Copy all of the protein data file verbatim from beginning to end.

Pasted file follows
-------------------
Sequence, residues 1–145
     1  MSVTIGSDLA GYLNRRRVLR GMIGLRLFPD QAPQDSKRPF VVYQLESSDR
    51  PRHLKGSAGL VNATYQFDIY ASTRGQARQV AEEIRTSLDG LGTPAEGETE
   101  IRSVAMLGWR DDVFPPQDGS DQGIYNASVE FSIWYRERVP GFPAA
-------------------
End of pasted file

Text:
Sequence, residues 1–145
     1  MSVTIGSDLA GYLNRRRVLR GMIGLRLFPD QAPQDSKRPF VVYQLESSDR
    51  PRHLKGSAGL VNATYQFDIY ASTRGQARQV AEEIRTSLDG LGTPAEGETE
   101  IRSVAMLGWR DDVFPPQDGS DQGIYNASVE FSIWYRERVP GFPAA